3DS Save File Hacking Discussion Thread

Discussion in '3DS - Flashcards & Custom Firmwares' started by Kentoss, Apr 1, 2011.

Apr 1, 2011
  1. Kentoss
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    Member Kentoss GBAtemp Regular

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    So for those of us who splurged on an NDS Adaptor Plus and are able to rip save files from 3DS cartridges, let's get a proper thread going in regards to our findings found within the save files themselves. I personally would like to learn more about them. This thread is for anyone who's genuinely interested in the same thing, and others are encouraged to contribute their findings and/or save files as well.

    As far as I'm aware, both Lego Star Wars III and Ridge Racer are encrypted (as discussed in another topic on this forum). Whether or not they follow the same encryption is yet to be seen. What I'd like to know is if ALL 3DS game saves are encrypted or if it's just the few we've looked at so far.

    List of Save File Downloads
    Lego Star Wars III:
    http://www.fileize.com/files/798bcd5b/83c/LSW3.zip - Kentoss (4 in a Zip file)

    My contribution comes from my NDS Adaptor Plus Review thread which ended up turning into a discussion about my Lego Star Wars III save file:

     
  2. 9th_Sage

    Member 9th_Sage GBAtemp Maniac

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    You might want to contact Crediar and/or Erant. It seems they are looking into this kind of thing currently (or at least Erant is for sure).

    From Crediar's twitter:
    Not sure what it'd be good for yet, but interesting just the same.
     
  3. DigitalDeviant

    Member DigitalDeviant GBAtemp Addict

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    buffer overflow hack, like twilight hack? I don't know anyone can shed some light on the potential of a save hack?
     
  4. FAST6191

    Reporter FAST6191 Techromancer

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    Possibly a bit of speculation in the following reply but I stand by it.

    Some existing work for the DSi, probably a fair good springboard for this.
    http://dsibrew.org/wiki/DSiWare_VulnList

    Save file encryption can be twofold- one you have the signing and possible encryption that the 3ds hardware presumably does to all saves (the wii does it and unless I am mistaken the dsi does it for DSi code at least (see some of the early hacks) and I see no reason for Nintendo to have regressed in such regards). This is hardware specific and traditionally happens with a per console key (not much of a problem if you can share saves with your friends or otherwise transfer them if you can resign just one game- you can often "ban" or blacklist saves made with certain keys with microsoft and the earlier days of the 360 providing a good example- nowadays people tend to strip identifying code from it). Nothing stopping Nintendo from having multiple levels either (the PS3 and to some extents the wii provide good examples here) and/or having parts hashed.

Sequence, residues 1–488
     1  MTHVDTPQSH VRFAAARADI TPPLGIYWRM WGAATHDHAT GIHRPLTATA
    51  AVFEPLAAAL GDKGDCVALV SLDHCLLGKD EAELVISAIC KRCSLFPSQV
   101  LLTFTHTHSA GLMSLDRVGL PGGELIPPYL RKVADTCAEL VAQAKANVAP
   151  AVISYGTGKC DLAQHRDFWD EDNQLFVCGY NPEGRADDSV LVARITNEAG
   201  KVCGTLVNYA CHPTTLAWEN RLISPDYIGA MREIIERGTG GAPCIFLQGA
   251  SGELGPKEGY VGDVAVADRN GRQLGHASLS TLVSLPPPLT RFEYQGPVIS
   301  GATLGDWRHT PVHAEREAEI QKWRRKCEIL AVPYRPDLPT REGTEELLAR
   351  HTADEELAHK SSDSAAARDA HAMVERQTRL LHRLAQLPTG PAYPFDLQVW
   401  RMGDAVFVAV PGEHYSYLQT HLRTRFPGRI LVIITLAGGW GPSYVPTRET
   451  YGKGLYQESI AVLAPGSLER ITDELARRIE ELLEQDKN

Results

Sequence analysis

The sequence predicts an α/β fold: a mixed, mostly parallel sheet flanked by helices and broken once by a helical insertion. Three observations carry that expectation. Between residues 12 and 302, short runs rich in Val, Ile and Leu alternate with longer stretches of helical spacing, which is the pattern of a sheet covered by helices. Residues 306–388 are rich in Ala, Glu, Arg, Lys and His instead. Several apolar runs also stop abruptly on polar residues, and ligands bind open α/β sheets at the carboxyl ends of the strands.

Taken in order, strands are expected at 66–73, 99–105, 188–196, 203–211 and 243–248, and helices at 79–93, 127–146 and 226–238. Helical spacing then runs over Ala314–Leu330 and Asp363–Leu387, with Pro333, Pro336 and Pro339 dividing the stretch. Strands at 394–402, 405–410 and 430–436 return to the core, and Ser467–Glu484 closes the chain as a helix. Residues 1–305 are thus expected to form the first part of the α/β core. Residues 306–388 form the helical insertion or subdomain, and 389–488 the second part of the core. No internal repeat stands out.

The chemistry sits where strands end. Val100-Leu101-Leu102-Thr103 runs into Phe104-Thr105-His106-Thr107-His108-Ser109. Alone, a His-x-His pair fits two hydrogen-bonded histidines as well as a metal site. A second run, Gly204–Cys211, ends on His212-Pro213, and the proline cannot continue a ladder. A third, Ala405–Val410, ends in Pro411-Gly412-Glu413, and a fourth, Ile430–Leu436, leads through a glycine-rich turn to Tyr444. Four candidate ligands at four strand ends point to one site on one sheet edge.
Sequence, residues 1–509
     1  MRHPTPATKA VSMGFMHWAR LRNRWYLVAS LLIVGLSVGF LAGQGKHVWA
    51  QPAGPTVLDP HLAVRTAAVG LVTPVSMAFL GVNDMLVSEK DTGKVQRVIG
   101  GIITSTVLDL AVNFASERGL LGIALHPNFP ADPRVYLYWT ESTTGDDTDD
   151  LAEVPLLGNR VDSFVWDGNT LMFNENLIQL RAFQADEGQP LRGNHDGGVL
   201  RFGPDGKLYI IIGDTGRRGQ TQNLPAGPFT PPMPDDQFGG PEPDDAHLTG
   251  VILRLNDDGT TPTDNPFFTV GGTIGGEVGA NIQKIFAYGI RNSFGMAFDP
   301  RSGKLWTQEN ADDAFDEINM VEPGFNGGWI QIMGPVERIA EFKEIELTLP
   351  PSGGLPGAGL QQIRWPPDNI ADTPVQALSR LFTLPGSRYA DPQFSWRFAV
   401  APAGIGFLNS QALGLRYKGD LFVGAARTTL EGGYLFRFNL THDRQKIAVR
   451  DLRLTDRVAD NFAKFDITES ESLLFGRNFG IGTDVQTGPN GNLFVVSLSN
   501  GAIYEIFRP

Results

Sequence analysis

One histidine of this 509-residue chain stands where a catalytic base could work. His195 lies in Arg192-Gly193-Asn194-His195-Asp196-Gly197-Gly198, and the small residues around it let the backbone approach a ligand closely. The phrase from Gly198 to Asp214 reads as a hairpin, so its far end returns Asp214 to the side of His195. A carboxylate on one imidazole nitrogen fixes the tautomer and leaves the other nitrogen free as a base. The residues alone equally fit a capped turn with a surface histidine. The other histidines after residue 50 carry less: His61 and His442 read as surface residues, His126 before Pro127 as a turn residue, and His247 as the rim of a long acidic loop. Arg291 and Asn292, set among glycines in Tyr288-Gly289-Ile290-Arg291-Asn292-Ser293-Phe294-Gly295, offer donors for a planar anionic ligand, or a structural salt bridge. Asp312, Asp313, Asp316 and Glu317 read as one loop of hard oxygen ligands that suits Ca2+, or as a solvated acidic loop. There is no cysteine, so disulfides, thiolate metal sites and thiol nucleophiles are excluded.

On the other hand there is the developer encryption, checksums/hashing or possibly signing- this is the one that save hackers traditionally bypass or mess around with. Any would be console hacker will probably have to do this as well. This can be anything, Nintendo might have provided a basic method in the 3ds SDK to do it and often they are very weak from a cryptographic standpoint (simple bytesums even) but we have seen developers use their own (custom or off the shelf) for years now. When doing the simple change to narrow down locations method you usually see the minor changes in location, time and your chosen thing to change (coins in the example above) along with the saves new hash value.
    Such protections need not be whole file either- it can be something like have a mirrored and inverted value. Cheat makers have to deal with this all the time where saves might not- this means save hackers, savestate hackers and cheat makers often feed from each other (the savestate hack derives usually from a cheat and as the game will take the data from the memory as provided from a savestate and make it into a nice entirely valid save for you and vice versa a save might be nice and simple with simple checks which allows you to inject whatever values you like into the memory (and the game happily sorts any counter cheat methods for you and in doing so tends to light them up like a Christmas tree).